In the present inquiry, the complainant's main concern again focused on NSF7s
continued support of research associated with the "technology." First, the group referred to
by the complainant as having a conflict of interests in reviewing both his earlier proposal and
the subject's proposal consisted of 12 panelists and 2 ad hoc reviewers common to the
consideration of both proposals. In addition, each proposal was reviewed by one additional
ad hoc reviewer that was different. The group included scientists and engineers from the
academic, federal and private sectors. OIG could find no evidence that suggested that
members of the group were united in support of the "technology." OIG reviewed information
about the subject, the subject's co-PIS, and the complainant, such as their work affiliations,
their collaborators and their co-authors on recent publications, and could find no evidence of
an actual or apparent conflict(s) of interests between any of them and the members of the
groups that considered either proposal. OIG concluded that there was no substance to any of
the complainant's allegations of conflict(s) of interests or bias associated with the
consideration of either proposal.

       OIG determined that the subject's active involvement with the continued study of the
"technology" was not "fraudulent" as alleged by the complainant. The continued reevaluation




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of the "technology" is part of a common process associated with the development and
improvement of technologies in general. OIG concluded that this allegation involved a
scientific difference of opinion between the complainant and the subject and, as such, was not
   issue of misconduct in science. Further, OIG reviewed the complainant's similar concerns
about other scientists conducting research on the "technology." Similar to the conclusion in
the earlier inquiry (M-93 120066)' OIG concluded that the complainant's concerns about the
"technology" were related to a substantive scientific dispute with these other scientists. OIG
concluded that his concerns were programmatic matters and best addressed through the
scientific debate that is part of the NSF proposal submission and review process.

        OIG reviewed the complainant's concern that the subject and his co-PIS failed to
submit research results fiom their NSF award to the National Databases. The award letter
"encouraged" rather than required the subject and his co-PISto provide this information to the
National Databases. NSF provides support for the organizations that manage these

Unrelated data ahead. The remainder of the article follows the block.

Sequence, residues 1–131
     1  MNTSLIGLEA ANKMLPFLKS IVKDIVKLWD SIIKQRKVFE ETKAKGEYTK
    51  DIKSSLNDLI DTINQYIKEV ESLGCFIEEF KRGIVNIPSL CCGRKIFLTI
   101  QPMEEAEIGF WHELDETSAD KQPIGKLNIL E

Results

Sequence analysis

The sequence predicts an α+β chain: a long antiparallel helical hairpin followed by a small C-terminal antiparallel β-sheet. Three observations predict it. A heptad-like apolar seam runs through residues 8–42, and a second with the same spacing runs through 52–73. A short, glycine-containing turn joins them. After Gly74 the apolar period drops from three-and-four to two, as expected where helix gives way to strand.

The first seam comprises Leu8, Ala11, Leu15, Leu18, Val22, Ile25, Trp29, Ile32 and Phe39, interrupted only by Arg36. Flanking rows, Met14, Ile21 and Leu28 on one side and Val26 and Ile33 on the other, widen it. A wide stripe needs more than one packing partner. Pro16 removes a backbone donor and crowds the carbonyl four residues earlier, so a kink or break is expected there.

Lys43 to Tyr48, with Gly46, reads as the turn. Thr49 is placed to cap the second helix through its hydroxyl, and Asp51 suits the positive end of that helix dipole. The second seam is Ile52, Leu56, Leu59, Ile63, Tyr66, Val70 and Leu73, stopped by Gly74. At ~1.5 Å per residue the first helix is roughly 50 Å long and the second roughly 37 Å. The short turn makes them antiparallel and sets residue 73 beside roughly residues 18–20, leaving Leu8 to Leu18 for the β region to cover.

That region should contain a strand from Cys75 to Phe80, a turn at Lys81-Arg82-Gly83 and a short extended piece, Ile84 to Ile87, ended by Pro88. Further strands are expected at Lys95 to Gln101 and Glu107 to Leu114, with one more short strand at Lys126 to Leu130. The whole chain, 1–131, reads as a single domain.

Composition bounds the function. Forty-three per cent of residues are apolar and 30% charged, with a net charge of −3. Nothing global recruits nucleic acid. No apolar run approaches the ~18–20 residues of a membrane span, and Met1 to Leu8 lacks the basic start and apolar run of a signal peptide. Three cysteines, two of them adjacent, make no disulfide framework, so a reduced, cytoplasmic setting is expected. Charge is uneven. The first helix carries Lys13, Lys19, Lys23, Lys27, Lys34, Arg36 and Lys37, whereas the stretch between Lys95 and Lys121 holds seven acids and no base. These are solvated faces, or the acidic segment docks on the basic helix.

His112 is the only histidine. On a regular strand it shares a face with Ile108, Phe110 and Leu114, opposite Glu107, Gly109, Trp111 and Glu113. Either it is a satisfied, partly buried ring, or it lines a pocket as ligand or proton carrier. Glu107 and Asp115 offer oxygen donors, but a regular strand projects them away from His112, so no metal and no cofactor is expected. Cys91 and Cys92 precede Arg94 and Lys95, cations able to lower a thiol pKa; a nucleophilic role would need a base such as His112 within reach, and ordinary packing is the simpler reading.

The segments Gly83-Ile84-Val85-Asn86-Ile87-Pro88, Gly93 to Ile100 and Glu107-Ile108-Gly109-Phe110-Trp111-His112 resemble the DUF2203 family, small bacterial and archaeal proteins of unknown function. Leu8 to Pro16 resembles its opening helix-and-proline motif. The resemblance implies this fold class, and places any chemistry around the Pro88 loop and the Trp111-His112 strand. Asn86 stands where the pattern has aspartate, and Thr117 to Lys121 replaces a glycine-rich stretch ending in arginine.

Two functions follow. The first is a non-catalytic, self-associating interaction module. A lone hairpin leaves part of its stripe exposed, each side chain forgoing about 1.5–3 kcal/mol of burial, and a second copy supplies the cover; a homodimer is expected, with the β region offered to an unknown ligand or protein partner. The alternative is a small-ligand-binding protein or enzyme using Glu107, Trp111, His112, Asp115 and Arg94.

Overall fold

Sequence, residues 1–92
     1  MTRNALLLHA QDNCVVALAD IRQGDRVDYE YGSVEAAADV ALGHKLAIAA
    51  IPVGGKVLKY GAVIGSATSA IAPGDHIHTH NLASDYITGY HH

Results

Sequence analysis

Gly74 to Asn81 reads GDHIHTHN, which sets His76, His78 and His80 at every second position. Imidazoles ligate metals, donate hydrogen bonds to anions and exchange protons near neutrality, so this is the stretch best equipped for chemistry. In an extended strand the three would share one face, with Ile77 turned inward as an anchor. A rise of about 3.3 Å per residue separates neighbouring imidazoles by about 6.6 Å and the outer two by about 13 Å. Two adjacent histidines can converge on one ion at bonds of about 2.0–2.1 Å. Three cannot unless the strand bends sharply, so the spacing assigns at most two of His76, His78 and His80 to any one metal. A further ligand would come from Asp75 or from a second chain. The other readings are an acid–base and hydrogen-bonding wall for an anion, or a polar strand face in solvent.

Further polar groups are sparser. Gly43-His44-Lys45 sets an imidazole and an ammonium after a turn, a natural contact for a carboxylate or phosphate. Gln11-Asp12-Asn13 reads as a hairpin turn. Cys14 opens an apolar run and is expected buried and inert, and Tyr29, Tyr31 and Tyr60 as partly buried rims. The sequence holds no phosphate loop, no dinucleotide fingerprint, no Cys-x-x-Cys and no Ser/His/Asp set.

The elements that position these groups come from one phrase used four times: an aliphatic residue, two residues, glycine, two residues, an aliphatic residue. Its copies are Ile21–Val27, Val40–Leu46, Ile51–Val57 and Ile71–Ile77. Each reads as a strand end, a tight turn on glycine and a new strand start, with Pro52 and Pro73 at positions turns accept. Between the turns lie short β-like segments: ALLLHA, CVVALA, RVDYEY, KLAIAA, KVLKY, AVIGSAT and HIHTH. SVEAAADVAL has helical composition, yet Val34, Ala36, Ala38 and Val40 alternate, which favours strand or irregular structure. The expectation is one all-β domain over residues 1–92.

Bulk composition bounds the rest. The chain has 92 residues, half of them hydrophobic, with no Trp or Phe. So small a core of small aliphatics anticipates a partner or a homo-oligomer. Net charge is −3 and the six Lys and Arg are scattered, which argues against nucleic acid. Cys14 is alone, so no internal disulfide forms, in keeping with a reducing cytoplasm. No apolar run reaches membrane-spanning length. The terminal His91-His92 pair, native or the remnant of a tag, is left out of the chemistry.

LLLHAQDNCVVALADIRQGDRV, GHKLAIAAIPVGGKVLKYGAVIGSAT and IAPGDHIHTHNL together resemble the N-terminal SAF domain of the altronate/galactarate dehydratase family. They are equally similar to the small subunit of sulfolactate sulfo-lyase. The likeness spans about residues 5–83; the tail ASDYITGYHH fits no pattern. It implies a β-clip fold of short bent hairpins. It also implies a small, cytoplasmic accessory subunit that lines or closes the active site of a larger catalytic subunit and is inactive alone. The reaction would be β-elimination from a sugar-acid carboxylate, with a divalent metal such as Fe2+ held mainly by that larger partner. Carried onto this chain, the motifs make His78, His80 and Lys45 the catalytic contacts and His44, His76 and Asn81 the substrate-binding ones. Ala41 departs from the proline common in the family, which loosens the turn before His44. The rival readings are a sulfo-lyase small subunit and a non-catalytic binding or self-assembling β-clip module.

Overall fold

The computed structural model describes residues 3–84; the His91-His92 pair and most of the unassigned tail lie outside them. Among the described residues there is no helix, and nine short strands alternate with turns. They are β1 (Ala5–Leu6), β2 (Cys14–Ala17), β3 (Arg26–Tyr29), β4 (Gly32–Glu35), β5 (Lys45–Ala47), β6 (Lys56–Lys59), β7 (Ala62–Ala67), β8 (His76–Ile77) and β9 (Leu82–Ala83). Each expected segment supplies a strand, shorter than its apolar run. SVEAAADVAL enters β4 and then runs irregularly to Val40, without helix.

Databases, but does not place specifications on its PIS or the Database organizations about the
style, collection, or timeliness of reports that are submitted to them. We uncovered no
concern that could be considered to be misconduct in science and determined that, in this
case, this is an administrative issue and not an issue of misconduct in science.

        With respect to the complainant's concern that his later proposal was mishandled by
the NSF program because he had not received copies of any ad hoc reviews, OIG learned that
the program had declined the complainant's later proposal because it was substantially similar
to previously declined proposals10he had submitted to the program. The program reviewed
the later proposal internally. NSF Manual #I0, Proposal and Award Manual, section 122.3,
states that "[tlhe Foundation prefers that all proposals be reviewed by four to eight reviewers.
When fewer than three written reviews . . . constitutes the external peer review, a justification
for recommending action on this basis is given on NSF Form 7, 'Review Record,' or its
equivalent." The Form 7 in the later proposal's program jacket stated that the proposal was
"[elxempt from peer review in reference to NSF Manual 122.3 . . . ." Attached to the Form 7
is a copy of a FAX to the complainant discussing the similarity of his earlier declined
proposals. Further, the Grant Proposal Guide (NSF 95-27, page 15) states that for a declined
proposal, if the "explanation does not satisfjr the PI, helshe may request additional information
fiom the cognizant Program Officer." NSF's declination letter to the complainant stated that,
if he "would like any more information about [the] declination" he should "contact the
program officer" involved. OIG determined that, in this case, the review of the complainant's
later proposal was appropriate.
       This case was closed and no further action will be taken.

cc: Staff Scientist, Attorney, AIG Oversight, IG